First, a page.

Temperature-dependent bioaccumulation of copper in an estuarine oyster
Bioaccumulation models are an important and widely-used tool for assessing ecosystem health with regards to heavy metal contamination. However, these models do not usually account for the potentially significant effect of temperature-dependency in metal uptake. In this study, we explored the role of temperature-dependency in heavy metal bioaccumulation by developing and comparing two kinetic-based copper bioaccumulation models for a common estuarine oyster (Saccostrea glomerata): (i) a standard first-order model that ignores temperature effects; and (ii) a modified first-order model that uses a standard temperature function to account for the temperature-dependency of the uptake rate constant. The models were calibrated within a Bayesian framework so that parameters could be treated as random variables and any uncertainty propagated through to themodel output.A 12-month biomonitoring studywas carried outwithinMoreton Bay,Queensland, Australia to provide time-series data for the modelling. Results of the modelling showed that the two bioaccumulation models provided comparable fits of the biomonitoring field data. However, dependent on the time of year and monitoring period selected, the copper uptake rate would vary dramatically due to temperature effects, which could result in an overestimation or underestimation of the copper uptake rate. Finally by calibrating the bioaccumulation models within a Bayesian framework, these models were able to utilize prior knowledge of the model parameters as part of the calibration process and also account for the uncertainty and variability in the bioaccumulation predictions. The ability to account for uncertainty and variability is an important consideration when undertaking environmental risk assessments especially in coastal waterways where there are strong seasonal variations.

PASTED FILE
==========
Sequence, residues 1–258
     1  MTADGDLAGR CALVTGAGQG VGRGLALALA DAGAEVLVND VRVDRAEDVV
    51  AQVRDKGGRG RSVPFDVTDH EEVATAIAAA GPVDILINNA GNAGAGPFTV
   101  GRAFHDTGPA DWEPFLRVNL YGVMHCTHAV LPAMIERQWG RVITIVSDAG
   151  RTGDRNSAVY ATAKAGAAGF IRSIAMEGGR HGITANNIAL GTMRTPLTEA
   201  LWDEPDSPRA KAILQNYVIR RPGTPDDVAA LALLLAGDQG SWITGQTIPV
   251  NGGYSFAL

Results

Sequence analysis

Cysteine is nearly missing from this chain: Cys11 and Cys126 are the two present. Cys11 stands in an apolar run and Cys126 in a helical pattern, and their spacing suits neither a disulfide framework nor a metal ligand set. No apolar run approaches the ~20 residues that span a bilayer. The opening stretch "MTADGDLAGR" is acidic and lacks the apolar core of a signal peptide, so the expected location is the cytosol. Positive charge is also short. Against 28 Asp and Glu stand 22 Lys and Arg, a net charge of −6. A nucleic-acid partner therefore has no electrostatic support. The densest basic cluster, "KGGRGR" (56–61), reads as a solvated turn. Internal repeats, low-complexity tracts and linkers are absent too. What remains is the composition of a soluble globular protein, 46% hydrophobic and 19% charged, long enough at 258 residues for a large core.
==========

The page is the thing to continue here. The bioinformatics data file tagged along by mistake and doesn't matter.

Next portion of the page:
Science of the Total Environment